6. Roman Collector

    Roman Collector Supporter! Supporter

    Gallienus says, "Neckbeard, baby!"

    Gallienus Alexandrian tetradrachm close up.jpg
    Hookman, Hispanicus, zumbly and 12 others like this.
  7. Theodosius

    Theodosius Unrepentant Fine Style Freak! Supporter

    Cool observation!

    It is the most important question in classical numismatics to be answered today.


    David@PCC and Roman Collector like this.
  8. Kasia

    Kasia Got my learning hat on

    Now this is a sideburn that is attractive. Longer ones and thicker ones are not.


    But the long one you show is quite fine, if it represents more of a sidelocks thing (thin curls of long hair, similar to what happens in a rat-tail):

  9. Archilochus

    Archilochus Member

    Strange how the sideburns on all these Seleukid coins look less beardlike and more like sidelocks. Perhaps they are connected to this Egyptian tradition.

    Obviously the curly appearance could have just been a stylistic choice adopted by the engravers. But there are plenty of other Hellenistic beards that don't look like this at all.
  10. medoraman

    medoraman Supporter! Supporter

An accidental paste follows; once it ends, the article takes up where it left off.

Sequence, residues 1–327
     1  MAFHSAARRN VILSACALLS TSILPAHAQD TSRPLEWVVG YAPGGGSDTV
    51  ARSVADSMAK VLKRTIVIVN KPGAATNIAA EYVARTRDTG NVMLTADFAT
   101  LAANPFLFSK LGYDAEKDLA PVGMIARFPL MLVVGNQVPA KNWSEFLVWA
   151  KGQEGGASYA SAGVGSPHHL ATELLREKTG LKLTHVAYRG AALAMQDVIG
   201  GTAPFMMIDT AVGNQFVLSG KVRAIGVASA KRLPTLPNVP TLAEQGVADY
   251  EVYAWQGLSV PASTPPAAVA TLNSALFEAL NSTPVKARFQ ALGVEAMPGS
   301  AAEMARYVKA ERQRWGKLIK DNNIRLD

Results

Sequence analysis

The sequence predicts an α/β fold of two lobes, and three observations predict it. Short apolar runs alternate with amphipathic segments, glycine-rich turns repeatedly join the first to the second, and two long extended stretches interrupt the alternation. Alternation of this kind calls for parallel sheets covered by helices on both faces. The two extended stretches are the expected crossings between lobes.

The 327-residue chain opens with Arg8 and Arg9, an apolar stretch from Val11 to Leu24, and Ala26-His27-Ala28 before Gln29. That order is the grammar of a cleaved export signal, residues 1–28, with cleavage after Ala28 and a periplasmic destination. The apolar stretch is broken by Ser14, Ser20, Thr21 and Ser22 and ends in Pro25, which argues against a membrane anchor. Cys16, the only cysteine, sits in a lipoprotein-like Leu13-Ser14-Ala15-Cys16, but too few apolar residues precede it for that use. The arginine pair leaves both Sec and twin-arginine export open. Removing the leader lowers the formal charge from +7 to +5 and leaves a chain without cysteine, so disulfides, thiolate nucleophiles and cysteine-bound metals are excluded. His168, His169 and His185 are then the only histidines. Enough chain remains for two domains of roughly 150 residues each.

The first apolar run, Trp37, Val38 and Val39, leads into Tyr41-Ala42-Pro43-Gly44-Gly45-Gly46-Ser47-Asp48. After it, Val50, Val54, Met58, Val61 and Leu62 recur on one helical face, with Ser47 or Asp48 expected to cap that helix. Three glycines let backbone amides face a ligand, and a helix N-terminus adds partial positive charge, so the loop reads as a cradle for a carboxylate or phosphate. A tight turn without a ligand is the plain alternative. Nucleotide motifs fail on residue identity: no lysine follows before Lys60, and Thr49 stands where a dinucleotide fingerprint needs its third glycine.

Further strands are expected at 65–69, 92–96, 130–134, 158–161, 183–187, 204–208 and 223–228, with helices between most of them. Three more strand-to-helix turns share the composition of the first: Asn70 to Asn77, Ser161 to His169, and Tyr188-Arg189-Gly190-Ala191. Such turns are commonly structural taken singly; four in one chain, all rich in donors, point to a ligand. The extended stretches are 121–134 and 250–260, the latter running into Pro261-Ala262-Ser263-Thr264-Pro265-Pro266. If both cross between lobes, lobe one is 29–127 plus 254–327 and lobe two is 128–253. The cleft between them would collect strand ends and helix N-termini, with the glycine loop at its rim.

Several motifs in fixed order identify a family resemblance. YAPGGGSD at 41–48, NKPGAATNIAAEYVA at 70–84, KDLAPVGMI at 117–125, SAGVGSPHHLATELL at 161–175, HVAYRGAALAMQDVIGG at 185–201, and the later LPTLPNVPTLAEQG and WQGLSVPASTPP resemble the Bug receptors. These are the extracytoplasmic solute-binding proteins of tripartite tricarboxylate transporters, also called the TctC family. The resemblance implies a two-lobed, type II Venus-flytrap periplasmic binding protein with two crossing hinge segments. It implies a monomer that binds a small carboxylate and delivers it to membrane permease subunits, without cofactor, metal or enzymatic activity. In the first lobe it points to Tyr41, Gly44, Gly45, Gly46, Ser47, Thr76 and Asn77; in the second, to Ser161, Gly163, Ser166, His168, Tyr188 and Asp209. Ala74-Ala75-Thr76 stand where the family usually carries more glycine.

Yes, I always took them for sidelocks like certain types of Jewish people wear today versus any sideburns.
    TIF, Kasia, David@PCC and 2 others like this.
  11. Pavlos

    Pavlos You pick out the big men. I'll make them brave!

    Very interesting. I like the long sideburn variant, it looks special and you don't see it very often on portraits.
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  12. David@PCC

    David@PCC Well-Known Member

    Something I haven't considered I remember that style from the 'The ten commandments'.
    Screenshot_20190312-084740_Samsung Internet.jpg

    It also reminds me of that, I believe they call it a payot.

    You're right is is a scarcer variety compared to the no sideburn variety. Maybe 60+ in archives of those versus just a few of the long sideburn.
    chrsmat71 and Archilochus like this.
  13. Archilochus

    Archilochus Member

    A bit more googling turned up some possible answers. There is a paper by Lorber & Iossif 2009 called "Seleucid Campaign Beards." It is well worth a read.

    (aside: get an account with if you don't have one, it's well worth it!!!)